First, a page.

Autodesk offers new free image enhancer

pixlr

pixlr

Longtime software maker Autodesk says its new Pixlr for Mac and PC “brings together the best tools we’ve built over time, including popular Stylize filters that turn your photos into sketches and watercolor paintings.”

Other features include a double exposure option and “Influence Masks” which can be used to “not just correct photos but to do more advanced editing or create photographic art,” the company says. “This collection of masking tools helps you isolate areas or objects and apply sophisticated effects to just those areas. Change the color of a necktie at the drop of a hat, or make a background into something illustrated and artistic.”

”Why free? It’s a freemium strategy, of course: “When you download the app, you’ll be using the starter edition,” Autodesk says. Create a free Pixlr account to unlock Essentials, giving you access to additional effects, overlays, and tools like double exposure. Subscribe to a Pro membership and take advantage of advanced masking tools  — as well as everything we add to the app as it grows and evolves.” Membership is $15 per year.

 

Olympus Pen features Selfie mode

Olympus EPL7

Olympus EPL7

For its latest compact interchangeable lens camera, Olympus is trying to sway smartphone users with a new way of taking better “selfies.”

The Pen E-PL7 has a 3-inch pivoting touchscreen that turns into a mirror display and activates the “Selfie Mode” when it’s tilted downward in the 180-degree position, for “perfect for one-touch selfies” the company says. On the screen, a shutter-release button appears so you can frame the image appropriately, which is captured one second after the button is touched.

The 16-megapixel sensor captures 8 frames per second, and has built-in WiFi. Also, the 3-axis image stabilization system compensates for horizontal and vertical angular shifts (yaw and pitch), Olympus says, as well as camera shake along the optical axis (roll).

The camera is $700 with a 14-42mm lens.

 

Ricoh flattens user interface for latest Pentax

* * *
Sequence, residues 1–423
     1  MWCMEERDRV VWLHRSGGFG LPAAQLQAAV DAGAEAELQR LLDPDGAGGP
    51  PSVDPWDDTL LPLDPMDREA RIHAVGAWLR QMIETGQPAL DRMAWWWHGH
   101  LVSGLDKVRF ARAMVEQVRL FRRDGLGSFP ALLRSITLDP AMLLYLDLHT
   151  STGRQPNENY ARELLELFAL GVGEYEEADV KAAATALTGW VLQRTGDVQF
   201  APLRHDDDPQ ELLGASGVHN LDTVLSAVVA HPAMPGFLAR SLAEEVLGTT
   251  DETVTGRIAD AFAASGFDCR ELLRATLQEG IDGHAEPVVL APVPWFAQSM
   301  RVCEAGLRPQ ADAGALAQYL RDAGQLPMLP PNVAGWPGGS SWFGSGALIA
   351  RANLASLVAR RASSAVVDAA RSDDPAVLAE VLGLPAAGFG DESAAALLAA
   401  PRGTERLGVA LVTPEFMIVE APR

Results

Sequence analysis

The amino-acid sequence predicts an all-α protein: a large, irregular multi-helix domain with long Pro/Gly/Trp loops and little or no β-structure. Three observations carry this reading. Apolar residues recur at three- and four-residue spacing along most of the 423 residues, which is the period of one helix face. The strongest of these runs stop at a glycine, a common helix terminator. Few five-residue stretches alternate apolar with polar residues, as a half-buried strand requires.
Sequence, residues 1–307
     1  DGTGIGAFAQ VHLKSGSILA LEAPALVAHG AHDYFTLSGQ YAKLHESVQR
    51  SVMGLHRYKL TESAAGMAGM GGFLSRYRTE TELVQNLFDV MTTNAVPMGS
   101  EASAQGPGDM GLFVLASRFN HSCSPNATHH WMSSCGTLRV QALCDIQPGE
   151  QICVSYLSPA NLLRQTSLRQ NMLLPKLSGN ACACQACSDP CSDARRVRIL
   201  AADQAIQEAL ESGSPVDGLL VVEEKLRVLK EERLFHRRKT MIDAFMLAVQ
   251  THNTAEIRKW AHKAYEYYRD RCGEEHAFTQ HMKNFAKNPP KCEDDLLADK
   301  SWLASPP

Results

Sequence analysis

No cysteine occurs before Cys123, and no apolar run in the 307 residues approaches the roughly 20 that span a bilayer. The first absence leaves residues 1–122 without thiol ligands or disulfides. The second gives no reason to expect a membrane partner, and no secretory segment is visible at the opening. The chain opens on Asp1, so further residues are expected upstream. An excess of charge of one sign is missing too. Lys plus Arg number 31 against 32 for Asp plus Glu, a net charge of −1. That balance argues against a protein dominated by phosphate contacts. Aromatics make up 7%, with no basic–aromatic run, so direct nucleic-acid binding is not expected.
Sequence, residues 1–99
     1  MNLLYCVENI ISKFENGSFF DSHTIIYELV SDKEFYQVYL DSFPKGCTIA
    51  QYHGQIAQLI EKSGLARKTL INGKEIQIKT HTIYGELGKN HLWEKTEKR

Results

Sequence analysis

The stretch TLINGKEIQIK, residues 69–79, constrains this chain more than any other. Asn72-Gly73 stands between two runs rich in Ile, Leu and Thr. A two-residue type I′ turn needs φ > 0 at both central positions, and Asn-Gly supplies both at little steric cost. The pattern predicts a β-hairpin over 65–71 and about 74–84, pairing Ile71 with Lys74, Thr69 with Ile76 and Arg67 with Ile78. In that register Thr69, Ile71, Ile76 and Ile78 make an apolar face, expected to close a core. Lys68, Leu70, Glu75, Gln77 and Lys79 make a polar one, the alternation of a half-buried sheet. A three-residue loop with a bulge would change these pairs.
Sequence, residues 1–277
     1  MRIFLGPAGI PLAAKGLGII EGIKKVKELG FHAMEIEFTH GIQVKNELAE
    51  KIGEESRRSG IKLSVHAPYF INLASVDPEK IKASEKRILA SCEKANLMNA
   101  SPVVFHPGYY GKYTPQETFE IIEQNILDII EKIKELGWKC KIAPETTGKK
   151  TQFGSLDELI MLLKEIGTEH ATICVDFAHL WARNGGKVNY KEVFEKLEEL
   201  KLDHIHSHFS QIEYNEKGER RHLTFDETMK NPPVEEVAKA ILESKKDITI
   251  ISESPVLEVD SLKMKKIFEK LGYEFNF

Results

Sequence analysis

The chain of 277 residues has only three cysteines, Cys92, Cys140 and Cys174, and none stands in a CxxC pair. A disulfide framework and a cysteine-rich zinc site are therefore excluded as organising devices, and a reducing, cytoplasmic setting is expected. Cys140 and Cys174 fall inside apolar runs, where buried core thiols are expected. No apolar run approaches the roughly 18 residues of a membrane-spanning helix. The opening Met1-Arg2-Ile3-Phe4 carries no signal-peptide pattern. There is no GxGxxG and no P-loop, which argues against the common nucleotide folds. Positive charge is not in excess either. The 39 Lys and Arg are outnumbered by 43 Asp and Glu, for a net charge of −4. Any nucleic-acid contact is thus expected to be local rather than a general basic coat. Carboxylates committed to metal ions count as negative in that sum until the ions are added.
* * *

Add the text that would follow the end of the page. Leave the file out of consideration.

Pentax K-S1

Pentax K-S1

Ricoh Imaging says its latest camera’s “unique flat field user interface,” with a back-lit LED selection dial, four-way navigation, and a 3-inch LCD, “breaks the tradition of the knobs and buttons found on traditional SLRs.” 

The camera “is designed to attract a mid-level customer who is accustomed to a mobile interface and is looking for a similar interaction in a DSLR,” Ricoh says. “The simple UI eliminates many of the complexities of a DSLR and provides immediate feedback including shooting parameters, filter selection and effect modes, even in total darkness.”

The K-S1 has a 20-megapixel sensor with sensitivity of ISO 51,200, in-body shake reduction, and captures 5.4 frames per second, with a 1/6000 shutter speed.

It’s $800 with an 18-55mm lens.

 

Photos in the Cloud: Dropbox lowers cost for terabyte online to $10 monthly

dropbox tTB

dropbox tTB

Online storage service Dropbox upgraded its Pro offering with more capacity and functionality — at a lower cost.

Dropbox Pro is now $10 per month, for a terabyte of storage. Shared links can now be password-protected, and folders — say, of photos you want to share with clients — can be made “view-only” so no one else can delete or even copy your shots, PopPhoto reports.

Dropbox already automatically syncs photos and videos and organizes images.

 

Instagram offers free Hyperlapse app

instagram hyperlapse

instagram hyperlapse

It was only a week or two ago that we were all marveling at a Microsoft Research project that superbly smoothed out videos that had otherwise suffered from lots of motion.

And now Instagram is providing a free app that will let anyone do it on an iPhone.

Instagram said it used its own in-house stabilization technology to let you “shoot polished time-lapse videos that were previously impossible without bulky tripods and expensive equipment.” You can shoot handheld even “while you’re walking, running, jumping or falling.” The result “will be instantly stabilized to smooth out the bumps from the road and give it a cinematic feeling.”

Examples of its us could include “Capture an entire sunrise in 10 seconds—even from the back of a moving motorcycle; Walk through the crowds at an all-day music festival, then distill it into a 30 second spot; Capture your bumpy trail run and share your 5k in 5 seconds,” the company says.

The app is here.

Wired has a very interesting profile of the developers here. “What was once only possible with a Steadicam or a $15,000 tracking rig is now possible on your iPhone, for free,” the article says.